For real estate agents, real estate brokers, and brokerage companies dealing with REO property, you may already be familiar with a provision in Fannie Mae “master listing agreements” which stated (in at least one version of this agreement) that real estate broker (who holds the Fannie Mae REO listing):
“shall not represent both Fannie Mae, as seller, and a potential buyer in connection with the same real estate transaction; dual agency is prohibited under this Agreement.” (Fannie Mae Master Listing Agreement effective May 1, 2011, section 10E(iii))
For those real estate brokers or agents who noticed, read, and understood this prohibition, it meant that they could not list the Fannie Mae property and represent a buyer in the same transaction, even though in many states (such as Minnesota) such “dual agency” is specifically allowed by state law where both parties agree to such representation.
Where’s the problem? Envision that a brokerage company represented a buyer for the last 9 months in that buyer’s search for the perfect home. Then, buyer finds just such a home, only to find out the brokerage with whom it is listed is listing the property for Fannie Mae. Given the terms of the Fannie Mae master listing agreement, that brokerage would have to tell the buyer they can no longer represent them, both upsetting the buyer who has invested 9 months in developing a relationship with that brokerage and the brokerage, who would then not be able to conclude the buyer representation with a successful closed transaction, and who would consequently not get paid.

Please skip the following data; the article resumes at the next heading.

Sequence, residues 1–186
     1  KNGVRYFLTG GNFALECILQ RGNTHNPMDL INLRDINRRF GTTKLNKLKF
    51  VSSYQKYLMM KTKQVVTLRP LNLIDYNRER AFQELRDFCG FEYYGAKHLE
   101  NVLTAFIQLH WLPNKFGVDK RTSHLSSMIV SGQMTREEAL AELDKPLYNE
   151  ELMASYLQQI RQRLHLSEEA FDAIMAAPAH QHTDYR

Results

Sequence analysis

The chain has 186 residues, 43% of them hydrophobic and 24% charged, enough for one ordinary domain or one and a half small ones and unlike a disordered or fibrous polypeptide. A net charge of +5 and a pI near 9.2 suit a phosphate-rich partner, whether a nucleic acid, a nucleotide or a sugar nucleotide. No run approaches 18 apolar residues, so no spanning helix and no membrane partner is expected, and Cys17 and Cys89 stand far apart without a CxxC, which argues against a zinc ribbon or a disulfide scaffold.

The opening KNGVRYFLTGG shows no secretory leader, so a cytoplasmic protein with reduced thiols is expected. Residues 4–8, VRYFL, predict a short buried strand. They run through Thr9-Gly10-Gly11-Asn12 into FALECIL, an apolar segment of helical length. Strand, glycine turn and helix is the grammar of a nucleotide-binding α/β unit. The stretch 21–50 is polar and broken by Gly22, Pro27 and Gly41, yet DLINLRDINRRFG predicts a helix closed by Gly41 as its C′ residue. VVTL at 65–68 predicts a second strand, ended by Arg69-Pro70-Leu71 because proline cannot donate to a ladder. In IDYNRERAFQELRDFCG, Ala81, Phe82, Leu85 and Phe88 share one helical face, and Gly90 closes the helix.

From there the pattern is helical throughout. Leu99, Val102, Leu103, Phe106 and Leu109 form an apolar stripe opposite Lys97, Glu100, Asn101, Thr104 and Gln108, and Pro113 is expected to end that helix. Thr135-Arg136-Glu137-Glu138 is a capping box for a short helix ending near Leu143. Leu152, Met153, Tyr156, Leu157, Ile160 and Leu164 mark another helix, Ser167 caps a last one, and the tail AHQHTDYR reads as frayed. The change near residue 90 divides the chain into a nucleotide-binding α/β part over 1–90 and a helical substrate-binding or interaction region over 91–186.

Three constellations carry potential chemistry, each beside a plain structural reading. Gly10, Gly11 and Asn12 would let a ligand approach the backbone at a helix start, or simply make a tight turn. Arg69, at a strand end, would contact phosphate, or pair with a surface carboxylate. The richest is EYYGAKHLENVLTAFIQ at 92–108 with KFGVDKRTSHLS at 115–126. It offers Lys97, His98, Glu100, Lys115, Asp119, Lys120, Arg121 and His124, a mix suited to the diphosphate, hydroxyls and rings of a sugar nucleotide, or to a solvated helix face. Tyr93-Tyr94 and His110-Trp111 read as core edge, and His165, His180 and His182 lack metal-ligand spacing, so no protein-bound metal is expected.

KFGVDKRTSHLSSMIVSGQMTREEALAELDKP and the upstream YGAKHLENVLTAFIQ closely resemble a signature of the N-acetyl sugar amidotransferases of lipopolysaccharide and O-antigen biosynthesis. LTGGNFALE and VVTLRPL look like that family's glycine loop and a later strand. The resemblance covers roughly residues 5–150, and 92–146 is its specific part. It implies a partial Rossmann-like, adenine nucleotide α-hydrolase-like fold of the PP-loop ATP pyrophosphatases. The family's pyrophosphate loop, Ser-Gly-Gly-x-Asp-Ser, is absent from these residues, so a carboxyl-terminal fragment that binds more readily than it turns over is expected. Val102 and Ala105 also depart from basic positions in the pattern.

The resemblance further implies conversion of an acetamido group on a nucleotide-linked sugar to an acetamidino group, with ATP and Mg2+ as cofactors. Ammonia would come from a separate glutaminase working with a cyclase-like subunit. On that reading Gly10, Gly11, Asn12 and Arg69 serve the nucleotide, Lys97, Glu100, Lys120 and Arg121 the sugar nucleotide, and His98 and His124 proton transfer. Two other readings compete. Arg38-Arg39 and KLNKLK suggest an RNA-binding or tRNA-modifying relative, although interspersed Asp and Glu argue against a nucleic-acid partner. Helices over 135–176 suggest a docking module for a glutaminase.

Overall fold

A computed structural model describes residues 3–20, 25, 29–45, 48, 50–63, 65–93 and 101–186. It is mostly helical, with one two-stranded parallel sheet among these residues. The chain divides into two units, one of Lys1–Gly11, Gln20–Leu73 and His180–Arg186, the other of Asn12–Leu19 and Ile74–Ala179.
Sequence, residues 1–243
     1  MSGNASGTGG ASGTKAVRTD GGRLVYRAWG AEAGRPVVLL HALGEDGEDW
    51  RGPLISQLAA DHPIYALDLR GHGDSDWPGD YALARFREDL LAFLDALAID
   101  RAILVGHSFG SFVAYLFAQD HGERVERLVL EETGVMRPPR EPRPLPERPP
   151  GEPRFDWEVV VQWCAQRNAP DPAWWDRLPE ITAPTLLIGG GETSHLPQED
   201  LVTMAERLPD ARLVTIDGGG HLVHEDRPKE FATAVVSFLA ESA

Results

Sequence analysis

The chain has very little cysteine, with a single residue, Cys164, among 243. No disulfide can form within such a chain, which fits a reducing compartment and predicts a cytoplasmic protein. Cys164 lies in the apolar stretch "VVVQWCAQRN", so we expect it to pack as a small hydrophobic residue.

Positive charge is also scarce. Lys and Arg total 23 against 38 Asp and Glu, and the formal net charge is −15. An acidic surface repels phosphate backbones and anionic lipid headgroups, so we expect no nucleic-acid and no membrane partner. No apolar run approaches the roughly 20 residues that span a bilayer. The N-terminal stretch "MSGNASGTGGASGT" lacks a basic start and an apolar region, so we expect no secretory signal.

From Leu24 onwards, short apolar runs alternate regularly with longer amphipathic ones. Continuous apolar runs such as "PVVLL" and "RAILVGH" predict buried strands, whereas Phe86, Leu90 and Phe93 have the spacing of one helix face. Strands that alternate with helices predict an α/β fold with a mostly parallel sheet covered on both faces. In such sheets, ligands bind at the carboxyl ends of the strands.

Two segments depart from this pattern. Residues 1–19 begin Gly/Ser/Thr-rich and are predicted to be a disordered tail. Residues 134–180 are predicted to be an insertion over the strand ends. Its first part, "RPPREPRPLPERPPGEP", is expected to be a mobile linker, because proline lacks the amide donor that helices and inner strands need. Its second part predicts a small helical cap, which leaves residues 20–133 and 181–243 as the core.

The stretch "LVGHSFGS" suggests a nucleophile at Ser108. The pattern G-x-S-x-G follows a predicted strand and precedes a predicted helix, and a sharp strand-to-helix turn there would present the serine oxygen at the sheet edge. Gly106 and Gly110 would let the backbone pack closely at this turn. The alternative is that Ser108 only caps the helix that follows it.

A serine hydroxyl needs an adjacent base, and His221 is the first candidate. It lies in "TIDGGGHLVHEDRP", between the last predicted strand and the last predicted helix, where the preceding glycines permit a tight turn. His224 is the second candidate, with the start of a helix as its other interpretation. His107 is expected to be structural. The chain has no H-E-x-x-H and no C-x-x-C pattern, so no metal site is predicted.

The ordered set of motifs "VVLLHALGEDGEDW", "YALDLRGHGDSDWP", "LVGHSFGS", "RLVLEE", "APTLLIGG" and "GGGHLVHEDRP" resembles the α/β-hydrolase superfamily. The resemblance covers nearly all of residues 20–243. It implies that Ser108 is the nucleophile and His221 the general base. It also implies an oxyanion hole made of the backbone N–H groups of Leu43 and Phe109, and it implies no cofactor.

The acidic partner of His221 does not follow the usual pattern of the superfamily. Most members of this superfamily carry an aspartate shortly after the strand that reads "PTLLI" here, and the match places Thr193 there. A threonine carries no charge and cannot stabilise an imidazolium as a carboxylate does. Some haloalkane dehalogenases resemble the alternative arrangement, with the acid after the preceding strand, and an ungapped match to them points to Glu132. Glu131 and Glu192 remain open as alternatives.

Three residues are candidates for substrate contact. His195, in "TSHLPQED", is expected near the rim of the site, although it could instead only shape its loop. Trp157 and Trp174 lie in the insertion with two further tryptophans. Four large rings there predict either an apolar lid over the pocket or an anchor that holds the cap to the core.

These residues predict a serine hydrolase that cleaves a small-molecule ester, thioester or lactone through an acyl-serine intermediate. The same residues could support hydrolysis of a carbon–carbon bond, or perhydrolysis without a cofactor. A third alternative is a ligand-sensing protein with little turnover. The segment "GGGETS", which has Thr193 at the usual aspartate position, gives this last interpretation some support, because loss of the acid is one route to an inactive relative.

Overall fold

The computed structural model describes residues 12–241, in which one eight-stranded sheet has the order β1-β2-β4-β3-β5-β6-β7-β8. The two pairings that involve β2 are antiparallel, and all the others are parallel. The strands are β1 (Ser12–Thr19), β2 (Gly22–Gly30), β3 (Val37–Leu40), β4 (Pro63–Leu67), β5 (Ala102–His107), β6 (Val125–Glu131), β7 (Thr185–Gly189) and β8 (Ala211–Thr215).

What’s the good news? Fortunately the good news that can be relayed in time for you to enjoy your Memorial Day weekend, is that Fannie Mae appears to have determined that they will not enforce that term, and will cease incorporating it into their listing agreements. To view the Fannie Mae information release, check this link: http://bit.ly/iFBDkF
Please spread the word among other real estate agents or brokers, particularly those who deal with REO property and Fannie Mae, as this may be an important new development for them to be aware of.
This blog entry is written by Brad Boyd, a Shareholder at Thomsen Nybeck. Brad is the chair of the firm’s Transactional Group, and his practice focuses primarily in Real Estate, Real Estate Brokerage, Business and Corporate law, and Wind Energy Law. Brad provides legal advice, guidance, and representation related to risk management in a wide variety of real estate and business law matters. He is counsel to the Minnesota Association of Realtors, many individual Realtors and brokerages, business clients and individuals.